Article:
By Anja van den Berg
More than 60% of Millennials and nearly half of Gen Z employees say they are people managers. If you are one of them, standing at the helm of a team of people who are older than you will be one of your main challenges. How can you prompt your team’s trust, respect, and admiration when there’s a five-year, or maybe even a 10-year (or more) age difference?
Here are three key strategies you can put into practice:
- Adapt your communication tactics
Younger managers may prefer a direct, to-the-point communication style. On the other hand, your team members may favour spending the first few minutes of every meeting chit-chatting and making pleasant small talk. “Pay attention to the pace they’re used to and cater your style when appropriate”, suggests Dr Chip Espinoza, an expert on generational diversity in the workplace. Additionally, an older generation tends to divide work and life more than young people do, Espinoza continues. Thus, reconsider sending 11 p.m. emails and avoid communicating between 8 p.m. and 6 a.m. unless absolutely necessary.
- Find coleaders
Identify and befriend those team members who are on your side. Finding coleaders is essential for effective leadership, but even more so when managing a team of people who are older than you. Your coleaders will be your allies, the early adopters, your cheerleaders. Often, they’ve been with the company for a while and are trusted by their colleagues. Their years of experience can help you navigate your new responsibilities, build your management skills, and avoid tenuous situations.
- Don’t be a bulldozer
Proactively share your leadership style and expectations, but don’t just swoop in on day one and change everything. Espinoza advises that you bring your team into discussions to determine where you can successfully change things and ascertain where they will resist new ideas. Ask them questions like ”what is the one thing you don’t want to see changed”, and ”what’s the one thing you think needs to change?” Those with institutional knowledge can advise you on previous attempts at making changes that didn’t work. Their experience can save you the stress and embarrassment of making the same mistake.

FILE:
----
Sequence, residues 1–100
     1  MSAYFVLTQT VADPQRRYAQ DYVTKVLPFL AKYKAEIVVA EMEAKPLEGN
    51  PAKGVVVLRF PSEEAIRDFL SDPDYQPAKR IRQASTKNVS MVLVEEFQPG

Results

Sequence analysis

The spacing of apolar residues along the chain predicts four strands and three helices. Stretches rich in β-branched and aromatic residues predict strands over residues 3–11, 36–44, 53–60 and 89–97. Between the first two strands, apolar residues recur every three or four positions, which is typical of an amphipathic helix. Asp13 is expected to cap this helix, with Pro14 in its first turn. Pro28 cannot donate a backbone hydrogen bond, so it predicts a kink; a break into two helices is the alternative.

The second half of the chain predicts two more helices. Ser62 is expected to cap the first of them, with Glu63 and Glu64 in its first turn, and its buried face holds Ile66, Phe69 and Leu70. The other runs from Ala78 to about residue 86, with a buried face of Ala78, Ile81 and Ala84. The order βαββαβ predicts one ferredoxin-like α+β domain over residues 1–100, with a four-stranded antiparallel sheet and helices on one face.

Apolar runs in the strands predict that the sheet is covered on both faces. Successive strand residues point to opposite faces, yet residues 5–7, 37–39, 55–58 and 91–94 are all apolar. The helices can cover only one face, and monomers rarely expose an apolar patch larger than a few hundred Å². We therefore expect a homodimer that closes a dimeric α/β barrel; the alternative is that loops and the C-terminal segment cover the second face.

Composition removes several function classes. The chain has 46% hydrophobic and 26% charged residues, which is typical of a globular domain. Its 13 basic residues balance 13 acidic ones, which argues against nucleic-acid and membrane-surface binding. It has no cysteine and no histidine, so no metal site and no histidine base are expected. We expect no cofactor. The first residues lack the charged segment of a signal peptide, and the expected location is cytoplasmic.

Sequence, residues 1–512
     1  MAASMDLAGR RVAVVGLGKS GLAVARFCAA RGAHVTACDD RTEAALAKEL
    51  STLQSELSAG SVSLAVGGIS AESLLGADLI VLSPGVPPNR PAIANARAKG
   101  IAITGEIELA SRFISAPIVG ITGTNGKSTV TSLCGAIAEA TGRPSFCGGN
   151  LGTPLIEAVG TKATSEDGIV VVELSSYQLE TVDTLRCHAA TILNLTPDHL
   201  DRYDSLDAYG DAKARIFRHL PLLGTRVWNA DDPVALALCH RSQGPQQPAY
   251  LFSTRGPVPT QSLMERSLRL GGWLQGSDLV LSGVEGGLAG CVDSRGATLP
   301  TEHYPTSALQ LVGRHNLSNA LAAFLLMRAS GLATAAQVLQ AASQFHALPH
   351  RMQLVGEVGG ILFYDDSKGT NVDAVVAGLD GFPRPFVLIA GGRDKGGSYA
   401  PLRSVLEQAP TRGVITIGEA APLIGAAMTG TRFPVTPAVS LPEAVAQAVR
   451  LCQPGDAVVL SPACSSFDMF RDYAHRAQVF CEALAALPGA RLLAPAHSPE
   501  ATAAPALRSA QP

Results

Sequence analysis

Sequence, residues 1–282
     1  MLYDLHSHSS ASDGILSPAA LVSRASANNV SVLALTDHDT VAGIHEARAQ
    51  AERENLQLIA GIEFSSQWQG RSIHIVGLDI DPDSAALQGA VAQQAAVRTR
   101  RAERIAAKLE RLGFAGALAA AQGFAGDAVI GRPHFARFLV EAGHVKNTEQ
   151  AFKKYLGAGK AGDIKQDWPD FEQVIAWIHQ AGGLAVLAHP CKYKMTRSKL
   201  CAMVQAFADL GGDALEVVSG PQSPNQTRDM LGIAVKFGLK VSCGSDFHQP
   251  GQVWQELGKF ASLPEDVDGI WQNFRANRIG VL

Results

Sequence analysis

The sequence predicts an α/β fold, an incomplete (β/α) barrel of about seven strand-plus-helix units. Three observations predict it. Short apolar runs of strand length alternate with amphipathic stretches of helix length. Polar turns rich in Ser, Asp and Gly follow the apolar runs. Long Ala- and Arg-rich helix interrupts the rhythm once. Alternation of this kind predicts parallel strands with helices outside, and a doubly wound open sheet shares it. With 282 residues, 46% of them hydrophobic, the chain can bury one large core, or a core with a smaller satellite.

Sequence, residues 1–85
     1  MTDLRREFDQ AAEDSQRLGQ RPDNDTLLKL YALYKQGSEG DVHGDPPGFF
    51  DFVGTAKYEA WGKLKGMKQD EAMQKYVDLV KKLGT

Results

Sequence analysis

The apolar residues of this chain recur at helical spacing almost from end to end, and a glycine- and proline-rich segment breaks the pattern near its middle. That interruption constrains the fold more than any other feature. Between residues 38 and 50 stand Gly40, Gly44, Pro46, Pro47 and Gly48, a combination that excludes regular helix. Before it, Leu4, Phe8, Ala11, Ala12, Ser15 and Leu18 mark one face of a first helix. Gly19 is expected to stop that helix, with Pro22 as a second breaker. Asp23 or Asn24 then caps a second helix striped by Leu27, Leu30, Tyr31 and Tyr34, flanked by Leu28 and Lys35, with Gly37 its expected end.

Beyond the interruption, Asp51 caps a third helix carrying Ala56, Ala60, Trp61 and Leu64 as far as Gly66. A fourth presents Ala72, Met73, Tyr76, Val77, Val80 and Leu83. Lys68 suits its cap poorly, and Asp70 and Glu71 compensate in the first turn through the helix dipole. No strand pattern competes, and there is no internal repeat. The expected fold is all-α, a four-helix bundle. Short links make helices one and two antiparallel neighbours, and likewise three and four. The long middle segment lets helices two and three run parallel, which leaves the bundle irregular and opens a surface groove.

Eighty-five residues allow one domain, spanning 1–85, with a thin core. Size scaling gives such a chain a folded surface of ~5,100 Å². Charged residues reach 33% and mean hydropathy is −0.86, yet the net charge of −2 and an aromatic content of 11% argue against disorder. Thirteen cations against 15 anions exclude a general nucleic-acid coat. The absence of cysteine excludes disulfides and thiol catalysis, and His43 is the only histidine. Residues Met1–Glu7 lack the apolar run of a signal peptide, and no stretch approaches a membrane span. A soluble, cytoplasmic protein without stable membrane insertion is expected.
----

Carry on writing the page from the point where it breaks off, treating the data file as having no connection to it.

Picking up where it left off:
Make a concerted effort to educate yourself about how to manage well, says Alison Green. Green is the author of Ask a Manager: How to Navigate Clueless Colleagues, Lunch-Stealing Bosses, and the Rest of Your Life at Work.
She advises younger managers to learn about delegating, giving feedback, and setting goals and holding people accountable.
Furthermore, young managers would also need to handle performance problems and develop their people. Maybe more than anything, young managers need to learn how to “exercise authority without being either an unreasonable tyrant or a wimpy pushover”. When people see you executing your job competently, they’re going to care more about your capabilities than what year you were born.
Harvard Business Review: https://hbr.org/2020/12/when-youre-younger-than-the-people-you-manage